Most of you know that I use Canada as an example in most of what I write for #Uganda. It is mostly because I only know 2 countries (Canada and Uganda). While researching on what to present to Ugandans to help alleviate the 90% unemployment rate in the country, I will pull in some things from around the globe. It is not because I graduated from University of Toronto that I share this with you. It is because it is reality. Just read what they advise a job seeker to do.
For God and My Country
Born and Raised in Uganda (Bududa District)
Martha Leah Zesaguli (Nangalama)
BELIEVE! I wept because I had no shoes until I saw a man who had no feet." Ancient Persian saying I am a Social Justice and Human Rights Activist. Find me on Face Book. All my opinions are mine and do not reflect on any employer or organisation.
Approximately 80% of all jobs available at any given time are not advertised on internet listings, job boards or in the newspaper.
These unadvertised jobs, the ones commonly known as making up the “hidden job market”, are the ones you should focus on because you'll face far less competition and this is how most employers prefer to hire.
There is no one right way to look for a job but...
Use a variety of methods, but devote the most time and energy to those that yield the best results. Experts agree that the most effective ways to land a job are through networking or approaching employers that you’re interested in directly with a tailored resume and cover letter.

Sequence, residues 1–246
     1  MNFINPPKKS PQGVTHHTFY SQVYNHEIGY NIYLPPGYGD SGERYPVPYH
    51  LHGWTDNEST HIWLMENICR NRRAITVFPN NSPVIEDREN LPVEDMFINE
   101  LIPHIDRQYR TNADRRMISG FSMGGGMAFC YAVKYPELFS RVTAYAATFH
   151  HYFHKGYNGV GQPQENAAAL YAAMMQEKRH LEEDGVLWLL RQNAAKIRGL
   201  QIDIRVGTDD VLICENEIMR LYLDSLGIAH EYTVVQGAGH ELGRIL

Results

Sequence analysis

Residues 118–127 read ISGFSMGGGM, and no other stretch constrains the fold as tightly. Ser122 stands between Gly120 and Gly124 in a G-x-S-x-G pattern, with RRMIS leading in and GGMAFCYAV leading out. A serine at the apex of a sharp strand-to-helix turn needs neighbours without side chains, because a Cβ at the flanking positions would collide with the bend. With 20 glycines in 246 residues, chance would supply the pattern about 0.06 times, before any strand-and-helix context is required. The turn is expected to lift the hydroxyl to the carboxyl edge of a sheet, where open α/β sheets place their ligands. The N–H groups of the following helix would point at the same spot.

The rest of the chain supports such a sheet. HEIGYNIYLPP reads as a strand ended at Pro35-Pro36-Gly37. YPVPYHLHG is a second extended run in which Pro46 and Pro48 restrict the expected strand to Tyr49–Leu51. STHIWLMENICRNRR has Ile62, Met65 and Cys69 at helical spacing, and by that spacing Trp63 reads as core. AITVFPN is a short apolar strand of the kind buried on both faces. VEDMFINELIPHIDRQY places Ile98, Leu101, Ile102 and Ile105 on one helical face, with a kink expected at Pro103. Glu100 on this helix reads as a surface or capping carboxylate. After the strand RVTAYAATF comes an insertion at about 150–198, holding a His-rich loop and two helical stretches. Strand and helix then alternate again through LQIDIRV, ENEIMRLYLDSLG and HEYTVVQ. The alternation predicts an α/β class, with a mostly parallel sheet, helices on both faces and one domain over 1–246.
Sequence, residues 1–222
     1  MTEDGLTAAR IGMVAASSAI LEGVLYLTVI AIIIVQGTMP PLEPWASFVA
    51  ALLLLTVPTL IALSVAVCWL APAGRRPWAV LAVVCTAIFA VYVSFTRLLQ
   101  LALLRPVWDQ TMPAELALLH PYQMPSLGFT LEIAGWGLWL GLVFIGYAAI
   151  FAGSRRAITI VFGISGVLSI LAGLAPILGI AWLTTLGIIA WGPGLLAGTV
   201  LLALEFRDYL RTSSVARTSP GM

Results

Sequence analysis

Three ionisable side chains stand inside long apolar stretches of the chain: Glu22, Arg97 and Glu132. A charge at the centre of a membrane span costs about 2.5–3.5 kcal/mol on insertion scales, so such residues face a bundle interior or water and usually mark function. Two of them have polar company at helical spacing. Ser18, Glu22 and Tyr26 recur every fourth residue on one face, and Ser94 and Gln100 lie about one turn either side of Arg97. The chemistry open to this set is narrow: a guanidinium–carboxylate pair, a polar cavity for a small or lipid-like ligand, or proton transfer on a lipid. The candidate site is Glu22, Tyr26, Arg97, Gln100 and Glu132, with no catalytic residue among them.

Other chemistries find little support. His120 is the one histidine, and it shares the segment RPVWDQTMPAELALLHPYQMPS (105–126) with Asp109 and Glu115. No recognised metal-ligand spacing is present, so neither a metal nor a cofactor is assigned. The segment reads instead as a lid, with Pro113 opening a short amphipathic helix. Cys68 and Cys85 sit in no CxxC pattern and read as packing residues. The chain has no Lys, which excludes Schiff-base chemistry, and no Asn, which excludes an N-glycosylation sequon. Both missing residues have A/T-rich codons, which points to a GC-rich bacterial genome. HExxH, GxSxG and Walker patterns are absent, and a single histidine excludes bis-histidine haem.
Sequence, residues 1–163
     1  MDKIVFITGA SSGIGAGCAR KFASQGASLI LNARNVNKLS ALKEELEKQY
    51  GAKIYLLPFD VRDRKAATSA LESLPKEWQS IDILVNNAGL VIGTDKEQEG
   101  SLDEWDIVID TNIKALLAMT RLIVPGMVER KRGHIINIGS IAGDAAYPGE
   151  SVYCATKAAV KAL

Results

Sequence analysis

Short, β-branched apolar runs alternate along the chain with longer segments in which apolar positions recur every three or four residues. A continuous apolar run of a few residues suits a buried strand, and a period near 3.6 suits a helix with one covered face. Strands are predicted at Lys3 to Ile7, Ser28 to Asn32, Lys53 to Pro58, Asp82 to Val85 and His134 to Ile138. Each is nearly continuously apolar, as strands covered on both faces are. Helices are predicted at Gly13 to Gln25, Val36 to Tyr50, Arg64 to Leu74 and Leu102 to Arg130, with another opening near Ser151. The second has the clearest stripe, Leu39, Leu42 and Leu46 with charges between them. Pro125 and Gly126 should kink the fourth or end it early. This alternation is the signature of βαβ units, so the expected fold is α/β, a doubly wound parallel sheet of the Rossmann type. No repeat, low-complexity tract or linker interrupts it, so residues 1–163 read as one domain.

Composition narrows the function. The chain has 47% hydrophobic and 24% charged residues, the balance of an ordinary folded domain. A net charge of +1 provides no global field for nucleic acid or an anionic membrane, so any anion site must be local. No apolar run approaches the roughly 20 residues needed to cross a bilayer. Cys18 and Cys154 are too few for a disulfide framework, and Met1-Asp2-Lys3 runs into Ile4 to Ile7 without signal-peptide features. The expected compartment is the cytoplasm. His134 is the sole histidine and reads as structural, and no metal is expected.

Know what you want.
Before even starting your job search, you must understand your skills and interests and need to know what type of work you’re looking for.
One of the keys to a successful job search is knowing what makes you a unique candidate and communicating this effectively to a prospective employer. For help with this self assesment, make an appointment to see a Career Counsellor.
Research the job market and specific organizations.
Use the internet, the public library, professional associations, and talk to people you know. If you don't know where to get information, visit the Career Centre’s Resource Library and ask about our Employer Directories.
Tailor your resume and cover letter to employer needs.
Connect the dots for the employer, making it perfectly clear how you have the qualifications they need for the job. When employers see that you're one of the few applicants who made an effort tailoring their resume and cover letter to the employer's specific needs, you'll stand out from the crowd.
Don’t wait for opportunity to come knocking on your door. While most job seekers get a chill even thinking about cold-calling potential employers, it can be an effective way to find work.
Approach the job search as a job in and of itself.
Looking for a suitable job to start your career is one of the most challenging jobs you will ever have. Many students have an unrealistic idea of how much time the job search will take. The earlier you begin, the more effort you spend, the more contacts you make, the more likely you are to land a job soon after graduation.
Be persistent and organized.
Develop an action plan. Keep a record of the contacts you've made to employers and the networking you've done. Note the date you talked to an employer and ask when you can call back to follow up (make sure you follow up when you said you would).
Try to keep a positive attitude and create a support system for yourself.
Seek help from Career Professionals.
The UTM Career centre offers professional career counsellors, employment advisors, online resources, print materials and publications.
We have helped thousands of other students start their careers and we can help you too!Get started today by visiting us in DV 3094 or calling 905-828-5451 for an individual appointment.